Wednesday, October 27, 2010

The Aesthetic Connection

One impulse from a vernal wood
May teach you more of man
Of moral evil and of good,
Than all the sages can.

From Wordsworth, The Tables Turned

I have said reading the color (the medium of visual art) takes time and patience.  If you have continued reading this far, you have the patience and you have made the time.
What do you need to do to understand the meaning of a work of art, an aesthetic object?

Did I surprise you with that last question? 

Why, you may have asked yourself, did she call a work of art an aesthetic object?  I did, because an artist records the meaning of an aesthetic experience via a medium of expression (visual art, music, dance, theatre, etc.).  The medium is the message.  In other words, we will understand the “why” if we focus on the aesthetic qualities inherent in the medium (color is the medium of visual art—color carries the meanings).  We call this the expressive aspect.  You already know color, light, line, space, the subject, and the traditions all work together to make a work of art.  Now I will show you what role expression plays in this process.

First, a story:

One fall day, I went for my usual run.  I use the trail that wraps around the Hockessin Athletic Club (HAC) on Limestone Road in Wilmington, Delaware.  The morning’s weather report told me to expect a record-breaking day of 90-degree temperature and high humidity, so I got there by 8:30 a.m. to avoid the hottest part of the day.

As I tied my shoes, I said to myself, “OK, let’s get this over with.”

In that “positive” spirit, I started to run.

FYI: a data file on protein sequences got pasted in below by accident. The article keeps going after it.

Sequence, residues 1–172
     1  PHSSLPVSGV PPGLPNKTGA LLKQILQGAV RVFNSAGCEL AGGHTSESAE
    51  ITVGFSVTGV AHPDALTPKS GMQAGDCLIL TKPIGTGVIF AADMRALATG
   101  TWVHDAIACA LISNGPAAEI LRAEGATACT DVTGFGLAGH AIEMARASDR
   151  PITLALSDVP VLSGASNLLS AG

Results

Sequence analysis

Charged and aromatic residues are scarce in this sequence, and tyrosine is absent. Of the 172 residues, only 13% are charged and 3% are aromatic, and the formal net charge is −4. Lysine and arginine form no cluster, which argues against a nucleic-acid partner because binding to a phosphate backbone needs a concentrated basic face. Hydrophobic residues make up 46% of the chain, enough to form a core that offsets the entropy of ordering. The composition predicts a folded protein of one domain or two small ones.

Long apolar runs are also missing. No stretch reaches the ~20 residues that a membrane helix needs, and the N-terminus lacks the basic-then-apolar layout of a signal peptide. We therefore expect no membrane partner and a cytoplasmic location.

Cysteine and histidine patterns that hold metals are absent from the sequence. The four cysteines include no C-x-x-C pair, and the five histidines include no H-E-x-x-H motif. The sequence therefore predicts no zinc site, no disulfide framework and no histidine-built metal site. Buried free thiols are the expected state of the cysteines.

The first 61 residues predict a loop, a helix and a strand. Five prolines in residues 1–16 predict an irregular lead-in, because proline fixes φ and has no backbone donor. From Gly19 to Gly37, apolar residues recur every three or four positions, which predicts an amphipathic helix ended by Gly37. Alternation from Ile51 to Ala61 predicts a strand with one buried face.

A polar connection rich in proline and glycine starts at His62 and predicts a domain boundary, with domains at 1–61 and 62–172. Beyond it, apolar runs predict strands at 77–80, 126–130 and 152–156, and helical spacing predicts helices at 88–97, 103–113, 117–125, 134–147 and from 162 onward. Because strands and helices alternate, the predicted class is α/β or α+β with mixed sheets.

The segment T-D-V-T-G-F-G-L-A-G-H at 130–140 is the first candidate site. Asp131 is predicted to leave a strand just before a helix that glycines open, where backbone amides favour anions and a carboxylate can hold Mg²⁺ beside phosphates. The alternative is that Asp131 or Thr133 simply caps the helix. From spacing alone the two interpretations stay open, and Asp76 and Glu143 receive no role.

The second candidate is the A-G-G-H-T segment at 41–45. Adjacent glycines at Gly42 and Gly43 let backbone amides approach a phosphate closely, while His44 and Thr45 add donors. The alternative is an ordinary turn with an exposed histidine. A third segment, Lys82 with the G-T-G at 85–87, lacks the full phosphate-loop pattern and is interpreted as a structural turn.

At first, the remarkably cool air surprised me given what I expected.  As I rounded the first curve and ran onto a small wooden bridge, I noticed the sound of my footsteps changed from a thump thump—thump thump—thump thump beat on the black asphalt to a higher key thwack thwack—thwack thwack—thwack thwack on the slats of the bridge.  I noticed the sun felt warm on my back when it was behind me, and then warm on my face when it was in front of me.  The warmth felt good.

Did I say black asphalt?  I started looking at it: in the shade of the woods, the black asphalt turned out to be dark blue, purple, cerulean, and even alizarin red.  It had small rises and recessions, and these became jigsaw-like puzzle pieces, curvilinear rather than angular in shape.  As I emerged into the sunlight, the “black” asphalt glowed golden.  It snaked through the wooded areas and then circled a large, open, recessed bowl-like area, usually used for children’s soccer games. It was under construction—divided into two half-moons, one of a dark brown, smooth top soil and, the other, of cream-colored, dry, burned out grass.  It reminded me of the black and white cookies I enjoyed as a child. Iced in halves with vanilla and chocolate, the base consisted of cake shortbread laced with a hint of lemon.  In Pakula’s Bakery in the Bronx, 63 years ago on my way to school, I spent 25 cents for this cookie. At this moment, I again tasted the sweetness of the first lick of smooth, hard “frosting” on its top.

This “memory recollected in tranquility,” as Wordsworth said, returned with the taste and aroma attached.

At this point, I noticed something else.  The steady beat of my shoes was varied by my breathing: the thump thump—thump thump repeated about six times, and then I exhaled.  So now I had some variety:  thump thump—thump thump—thump thump—thump thump—thump thump—thump thump—haaaah.  While not the caliber of Mongo Santamaria’s intricate drumming rhythms or Savion Glover’s tap dancing rhythms, it did provide me much needed variety from the steady beat of my footsteps.